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When Games are Ruined

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A friend, brother-in-law, and occassional board-game opponent of mine (who I will henceforth refer to as “Josh”) once told me a story about a very bad experience he had playing Settlers of Catan as a newcomer in a previously established group.

Let me get across an important fact here:  Josh loves Settlers of Catan.  He has every currently-available expansion for the game.  He has been known to stay up all hours of the night playing multiple games.  It’s his number one game.

And yet, when he played with one particular group of guys, he didn’t have any fun.  Why? Well, apparently their method of playing essentially ruined the game.

This is not even about house-ruling here.  As I heard it from Josh, these guys would utilize game-breaking methods of trading resources that… well, that broke the game, without technically breaking any rules.

Here is an example: one player might have a large number of one particular resource – say, 5 sheep, and with a hand size around 11 cards.  Another player would have only 2 resources in their hand – lets say, a log and a brick (yeah, I called it a Log, not lumber.  What of it?).  The 1st player would then make an agreement with the second to, say, trade their 5 sheep for the 1 brick, which would protect their hand from the nefarious “robber” roll on the start of the next player’s turn.  Then the two players would trade their resources back, the 1st allowing the 2nd to keep say 1 of his sheep, but returning the rest in exchange for the return of the brick.

So in the end, they technically haven’t done anything illegal as far as the rules of the game, but their methods circumvented many of the important balancing elements of the game.  There was not really any house-ruling here, just some sort of agreement to allow this activity.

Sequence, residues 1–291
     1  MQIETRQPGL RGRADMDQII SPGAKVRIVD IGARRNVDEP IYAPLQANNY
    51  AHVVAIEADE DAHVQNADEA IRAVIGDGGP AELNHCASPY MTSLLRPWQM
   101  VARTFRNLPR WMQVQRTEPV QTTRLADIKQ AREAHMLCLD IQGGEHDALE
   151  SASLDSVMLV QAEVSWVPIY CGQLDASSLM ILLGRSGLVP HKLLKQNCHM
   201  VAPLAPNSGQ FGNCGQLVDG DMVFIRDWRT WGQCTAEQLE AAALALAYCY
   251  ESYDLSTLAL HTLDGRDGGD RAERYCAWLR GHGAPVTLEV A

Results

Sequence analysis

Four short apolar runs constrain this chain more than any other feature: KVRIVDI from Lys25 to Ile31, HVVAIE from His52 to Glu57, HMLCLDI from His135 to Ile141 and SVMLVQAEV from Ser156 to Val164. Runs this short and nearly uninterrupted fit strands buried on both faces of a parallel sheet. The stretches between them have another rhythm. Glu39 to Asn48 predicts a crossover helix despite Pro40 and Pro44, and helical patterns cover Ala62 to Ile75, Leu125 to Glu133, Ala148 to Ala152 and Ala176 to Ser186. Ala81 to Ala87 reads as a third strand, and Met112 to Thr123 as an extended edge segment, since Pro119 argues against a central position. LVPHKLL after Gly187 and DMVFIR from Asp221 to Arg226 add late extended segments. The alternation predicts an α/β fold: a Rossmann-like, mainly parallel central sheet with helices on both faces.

This is the strangest behavior I have ever heard of regarding a game.  I’ve heard of games being house-ruled to death, but this? It almost sounds like those players are board with the game and need to move on to something else, but instead have contrived strange ways to make things more interesting to them, i guess?

The main issue here is that this kind of thing excludes new players.  Any outsider with any motivation to keep a semblance of a game going should feel very uncomfortable partaking in such peculiarly imbalanced trading, but that would make them feel like outsiders even more, like they aren’t in the “inner circle” where such trades are acceptable.  Not only that, but if such a trade is offered to the newbie, do they compromise the rules of their favorite game to join in?  Or maybe they worry that this kind of deal is just a set-up to “prank” the new player.

And if the new player has never played Catan before, they would encounter what would seem to be an imbalanced, broken game.

I’m not sure where this kind of tradition would form – after all, if one of my friends offered me 5 sheep for a brick for safekeeping, I would agree at the moment – and then most likely refuse a return trade when the time came, and that would stop anyone from trying anything similar.

In addition, this activity would seem to totally tilt the game towards the player who is gaining a large number of resources, allowing them to avoid the robber which is a huge part of the balancing act of the game.

I cant think of any other example in which players have simply used the rules to their advantage to circumvent consequences and break the game, without other players calling them out or refusing to play that way.  Have any of you ever tried a gaming group and ran into problems like that?  Not house-ruling, but simply methods of play that exclude anyone not party to the dirty dealings going on?

Futurewolfie loves epic games, space, and epic games set in space. You'll find him rolling fistfuls of dice, reveling in thematic goodness, and giving Farmerlenny a hard time for liking boring stuff.